Feral cats kill 316 million birds and pet cats kill 61 million birds in Australia every year. This equates to cats killing more than 1 million Australian
birds every day. More than 99% of these casualties are native birds.
These are some of the findings of recently published research by a group of Australian environmental scientists.
The estimates are based on results from nearly 100 studies across the country, each sampling cat density, and another set of nearly 100 studies across the country that assessed cat diet.
Lead researcher Professor John Woinarski said that while previous research has looked at the impact cats are having on Australia’s mammals, this is the first nation-wide assessment of the impact of cats on Australia’s birds.
“Everyone knows that cats kill birds, but this study shows that, at a national level, the amount of predation is staggering, and is likely to be driving the ongoing decline of many species,” explains Professor Woinarski, from Charles Darwin University.
The study also found that the highest rates of cat predation on birds is on Australia’s islands and in remote arid Australia, where the number of birds killed by cats each year can reach 330 birds per square kilometre.
In a second study the research team also looked at which bird species are at most risk from cat predation. They found records of cats killing 338 native bird species – almost half of Australia’s native bird species. This included 71 threatened bird species.
“We found that the birds most likely to be killed by cats are medium sized birds, birds that nest and feed on the ground, and birds that occur on islands or in woodlands, grasslands and shrublands.”
“For Australian birds, cats are a long-standing, broad-scale and deeply entrenched problem that needs to be tackled more effectively” Professor Woinarski said.
Australia’s Acting Threatened Species Commissioner, Sebastian Lang, said “This evidence is extremely important, and of great concern.
“Our knowledge of the impacts of cats on threatened mammals was a major stimulus for our first-ever national Threatened Species Strategy, which prioritised actions to control feral cats,” Mr Lang said.
“This new research emphasises the need to continue working to reduce the impact of cats on our native biodiversity.
“The number of birds killed by pet cats is also high, but I would like to commend pet owners who are containing their cats instead of letting them roam freely,” Mr Lang said.
The research was undertaken by the Threatened Species Recovery Hub of the National Environmental Science Programme. The Hub is a collaboration of 10 leading Australian universities and the Australian Wildlife Conservancy, to undertake research to support the recovery of Australia’s threatened species.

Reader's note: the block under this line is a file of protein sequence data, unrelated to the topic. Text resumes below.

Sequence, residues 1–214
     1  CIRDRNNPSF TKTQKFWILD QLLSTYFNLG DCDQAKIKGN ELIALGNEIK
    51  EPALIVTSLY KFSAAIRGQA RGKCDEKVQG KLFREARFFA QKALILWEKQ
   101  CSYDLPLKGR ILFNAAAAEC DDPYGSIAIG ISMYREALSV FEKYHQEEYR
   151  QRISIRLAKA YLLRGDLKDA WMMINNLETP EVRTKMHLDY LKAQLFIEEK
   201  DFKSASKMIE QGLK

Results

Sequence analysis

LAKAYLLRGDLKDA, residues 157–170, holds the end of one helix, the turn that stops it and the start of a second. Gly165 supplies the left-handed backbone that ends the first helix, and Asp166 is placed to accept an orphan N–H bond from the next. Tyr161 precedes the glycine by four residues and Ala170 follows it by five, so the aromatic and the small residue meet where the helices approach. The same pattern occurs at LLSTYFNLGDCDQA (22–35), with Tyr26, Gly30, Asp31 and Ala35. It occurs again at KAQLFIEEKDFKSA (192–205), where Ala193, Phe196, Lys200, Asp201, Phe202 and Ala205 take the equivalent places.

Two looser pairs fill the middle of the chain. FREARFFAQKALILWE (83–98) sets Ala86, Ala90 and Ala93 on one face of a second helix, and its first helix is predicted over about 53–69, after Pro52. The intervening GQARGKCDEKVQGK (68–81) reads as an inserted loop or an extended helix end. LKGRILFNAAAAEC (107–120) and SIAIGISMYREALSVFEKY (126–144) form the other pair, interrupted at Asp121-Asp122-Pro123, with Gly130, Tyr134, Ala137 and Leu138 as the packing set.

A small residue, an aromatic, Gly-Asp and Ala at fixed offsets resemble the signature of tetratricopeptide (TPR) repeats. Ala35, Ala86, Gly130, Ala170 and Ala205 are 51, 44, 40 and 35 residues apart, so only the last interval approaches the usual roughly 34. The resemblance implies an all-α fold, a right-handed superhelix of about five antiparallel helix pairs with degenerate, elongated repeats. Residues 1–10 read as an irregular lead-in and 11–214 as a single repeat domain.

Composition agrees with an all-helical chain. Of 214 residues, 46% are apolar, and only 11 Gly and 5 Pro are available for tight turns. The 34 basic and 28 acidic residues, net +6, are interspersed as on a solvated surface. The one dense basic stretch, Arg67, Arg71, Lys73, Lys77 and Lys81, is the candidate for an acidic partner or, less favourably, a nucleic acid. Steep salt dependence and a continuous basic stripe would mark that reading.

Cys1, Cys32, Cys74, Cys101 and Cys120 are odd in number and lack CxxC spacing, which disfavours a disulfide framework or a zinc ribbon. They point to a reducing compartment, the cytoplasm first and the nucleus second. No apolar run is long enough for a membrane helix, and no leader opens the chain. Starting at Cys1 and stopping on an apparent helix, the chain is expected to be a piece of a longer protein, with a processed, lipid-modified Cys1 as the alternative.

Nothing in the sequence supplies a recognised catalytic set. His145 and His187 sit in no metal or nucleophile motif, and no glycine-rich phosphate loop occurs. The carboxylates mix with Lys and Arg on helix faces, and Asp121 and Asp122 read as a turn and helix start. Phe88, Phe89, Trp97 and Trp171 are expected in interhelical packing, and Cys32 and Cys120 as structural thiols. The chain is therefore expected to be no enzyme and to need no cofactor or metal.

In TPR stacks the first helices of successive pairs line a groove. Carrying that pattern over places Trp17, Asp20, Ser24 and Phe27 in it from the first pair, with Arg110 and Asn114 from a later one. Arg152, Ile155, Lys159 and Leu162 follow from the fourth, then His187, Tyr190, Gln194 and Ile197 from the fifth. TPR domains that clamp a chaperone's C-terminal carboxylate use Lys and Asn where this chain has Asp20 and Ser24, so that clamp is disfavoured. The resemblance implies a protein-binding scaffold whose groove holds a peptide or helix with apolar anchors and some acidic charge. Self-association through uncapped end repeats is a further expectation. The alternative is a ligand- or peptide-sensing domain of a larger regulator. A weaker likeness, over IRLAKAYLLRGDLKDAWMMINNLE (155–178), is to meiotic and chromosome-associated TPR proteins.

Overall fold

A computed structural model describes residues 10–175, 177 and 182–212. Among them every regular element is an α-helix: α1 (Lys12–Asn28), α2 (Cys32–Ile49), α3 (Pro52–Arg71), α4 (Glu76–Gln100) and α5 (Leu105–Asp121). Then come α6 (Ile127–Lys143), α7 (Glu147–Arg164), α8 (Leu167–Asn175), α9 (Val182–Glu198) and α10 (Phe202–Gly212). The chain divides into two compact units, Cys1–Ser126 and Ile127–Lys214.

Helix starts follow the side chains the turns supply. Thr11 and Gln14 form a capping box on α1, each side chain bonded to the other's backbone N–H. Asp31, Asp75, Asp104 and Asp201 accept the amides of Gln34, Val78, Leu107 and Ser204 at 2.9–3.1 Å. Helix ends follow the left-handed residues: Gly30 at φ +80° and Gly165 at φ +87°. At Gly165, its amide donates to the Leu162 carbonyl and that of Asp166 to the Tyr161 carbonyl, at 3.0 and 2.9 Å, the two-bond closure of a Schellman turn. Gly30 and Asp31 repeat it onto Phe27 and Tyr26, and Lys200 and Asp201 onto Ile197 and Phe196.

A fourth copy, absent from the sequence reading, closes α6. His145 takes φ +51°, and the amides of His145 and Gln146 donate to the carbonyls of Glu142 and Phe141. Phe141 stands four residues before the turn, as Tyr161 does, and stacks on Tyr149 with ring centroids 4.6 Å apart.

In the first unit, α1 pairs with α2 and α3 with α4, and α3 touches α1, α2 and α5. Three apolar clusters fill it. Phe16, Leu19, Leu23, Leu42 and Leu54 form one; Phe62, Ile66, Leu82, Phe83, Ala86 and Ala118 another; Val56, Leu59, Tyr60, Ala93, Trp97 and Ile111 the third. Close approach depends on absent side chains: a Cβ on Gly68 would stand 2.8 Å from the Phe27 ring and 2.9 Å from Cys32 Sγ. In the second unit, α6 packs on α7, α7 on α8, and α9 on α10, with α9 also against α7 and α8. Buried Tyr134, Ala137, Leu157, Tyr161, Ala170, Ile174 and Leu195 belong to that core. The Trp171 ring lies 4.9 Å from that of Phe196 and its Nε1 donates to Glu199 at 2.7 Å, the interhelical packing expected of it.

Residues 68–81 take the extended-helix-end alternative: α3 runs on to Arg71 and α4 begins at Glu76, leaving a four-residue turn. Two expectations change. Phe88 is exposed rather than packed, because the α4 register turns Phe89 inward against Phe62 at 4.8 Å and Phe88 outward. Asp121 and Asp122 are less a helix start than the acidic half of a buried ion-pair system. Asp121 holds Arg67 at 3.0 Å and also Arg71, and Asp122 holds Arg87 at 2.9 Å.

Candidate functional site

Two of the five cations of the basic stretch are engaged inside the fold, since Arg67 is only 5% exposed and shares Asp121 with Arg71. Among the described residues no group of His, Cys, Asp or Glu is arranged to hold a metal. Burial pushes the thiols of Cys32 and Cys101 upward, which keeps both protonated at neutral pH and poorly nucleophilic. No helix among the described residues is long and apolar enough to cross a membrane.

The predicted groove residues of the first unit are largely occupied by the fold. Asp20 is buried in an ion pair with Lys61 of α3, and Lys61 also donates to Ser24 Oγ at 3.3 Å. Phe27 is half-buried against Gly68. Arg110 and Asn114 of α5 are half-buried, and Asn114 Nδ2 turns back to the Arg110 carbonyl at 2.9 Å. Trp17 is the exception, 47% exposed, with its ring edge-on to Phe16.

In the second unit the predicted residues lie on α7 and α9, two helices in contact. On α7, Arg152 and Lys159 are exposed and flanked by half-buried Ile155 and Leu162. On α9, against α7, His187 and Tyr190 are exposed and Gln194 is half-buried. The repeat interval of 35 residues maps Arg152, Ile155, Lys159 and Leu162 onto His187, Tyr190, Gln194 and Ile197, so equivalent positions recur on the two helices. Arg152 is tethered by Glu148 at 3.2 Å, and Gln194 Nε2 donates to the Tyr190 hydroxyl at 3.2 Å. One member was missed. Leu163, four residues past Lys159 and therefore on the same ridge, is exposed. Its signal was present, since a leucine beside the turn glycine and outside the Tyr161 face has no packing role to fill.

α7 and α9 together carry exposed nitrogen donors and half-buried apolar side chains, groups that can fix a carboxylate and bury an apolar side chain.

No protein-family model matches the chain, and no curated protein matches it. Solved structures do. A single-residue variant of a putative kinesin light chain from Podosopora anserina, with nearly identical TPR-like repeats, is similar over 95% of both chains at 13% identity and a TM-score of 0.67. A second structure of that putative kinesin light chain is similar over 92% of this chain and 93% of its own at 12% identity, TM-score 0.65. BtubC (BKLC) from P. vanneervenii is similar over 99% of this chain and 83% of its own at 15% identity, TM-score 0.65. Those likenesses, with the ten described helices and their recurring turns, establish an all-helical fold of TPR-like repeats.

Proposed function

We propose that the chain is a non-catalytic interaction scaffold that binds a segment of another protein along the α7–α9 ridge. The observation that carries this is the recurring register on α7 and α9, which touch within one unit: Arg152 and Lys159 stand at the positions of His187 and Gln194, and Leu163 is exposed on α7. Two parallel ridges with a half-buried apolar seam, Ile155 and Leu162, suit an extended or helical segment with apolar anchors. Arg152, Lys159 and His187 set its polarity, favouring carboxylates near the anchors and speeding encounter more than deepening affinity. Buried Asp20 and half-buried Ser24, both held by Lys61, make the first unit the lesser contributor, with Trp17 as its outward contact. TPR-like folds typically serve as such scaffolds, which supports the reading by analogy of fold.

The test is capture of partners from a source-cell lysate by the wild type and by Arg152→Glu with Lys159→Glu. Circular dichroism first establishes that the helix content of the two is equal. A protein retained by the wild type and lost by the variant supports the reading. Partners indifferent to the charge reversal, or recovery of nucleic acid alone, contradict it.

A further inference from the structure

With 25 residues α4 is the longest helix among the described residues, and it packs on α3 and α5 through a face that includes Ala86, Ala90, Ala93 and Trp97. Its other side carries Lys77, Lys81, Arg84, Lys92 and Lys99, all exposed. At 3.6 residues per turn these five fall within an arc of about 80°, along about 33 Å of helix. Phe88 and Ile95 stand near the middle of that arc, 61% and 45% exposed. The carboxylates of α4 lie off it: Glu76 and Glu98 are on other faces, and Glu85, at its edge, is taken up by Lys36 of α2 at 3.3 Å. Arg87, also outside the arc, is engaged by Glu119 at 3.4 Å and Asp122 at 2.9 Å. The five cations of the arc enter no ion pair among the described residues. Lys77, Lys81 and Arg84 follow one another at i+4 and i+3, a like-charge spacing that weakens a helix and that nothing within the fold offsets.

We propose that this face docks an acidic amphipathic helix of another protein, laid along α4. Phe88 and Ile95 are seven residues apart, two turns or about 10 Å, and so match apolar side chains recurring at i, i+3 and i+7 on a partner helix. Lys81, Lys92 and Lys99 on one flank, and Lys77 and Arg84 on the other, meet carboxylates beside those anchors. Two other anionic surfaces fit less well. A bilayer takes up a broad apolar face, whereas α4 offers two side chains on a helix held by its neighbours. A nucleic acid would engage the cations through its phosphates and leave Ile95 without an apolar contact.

The work has been published in the science journal Biological Conservation.
Photos are available in dropbox to accompany this story. Photographers must be credited.
Jaana Dielenberg, TSR Hub Science Communication Manager, 0413 585 709 firstname.lastname@example.org
Top image: Cat with a native Pale Headed Rosella. Photo: Brisbane City Council CC
Most people know that cats kill many birds and mammals, but they also have impacts on less charismatic species.
Australian cats are killing about 650 million reptiles per year, according to new research published in the journal Wildlife Research.
You have to be pretty lucky to make a living by combining your passion and interests, and that’s exactly how Dr Daniel White feels about his current state of affairs. Dan began his career studying genes, and has since applied his science to saving species. Here he describes how.
The TSR Hub recognises that outcomes for threatened species will be improved by increasing Indigenous involvement in their management. In response to this, the Hub is guided by an Indigenous Reference Group and has a number of projects across Australia that are collaborating with Indigenous groups on threatened species research on their country.
A new contagious fungal plant disease has entered Australia, myrtle rust. It’s highly mobile, can reproduce rapidly and is infecting many species across a broad geographic range. Containment and eradication responses have so far been unsuccessful.
Australia is losing large old hollow-bearing trees in our mountain ash forests due to logging, fires and climate change. A team at the Australian National University have been investigating the importance of these trees, the implications of their loss and things we can do to ensure we have enough mountain giants for the future.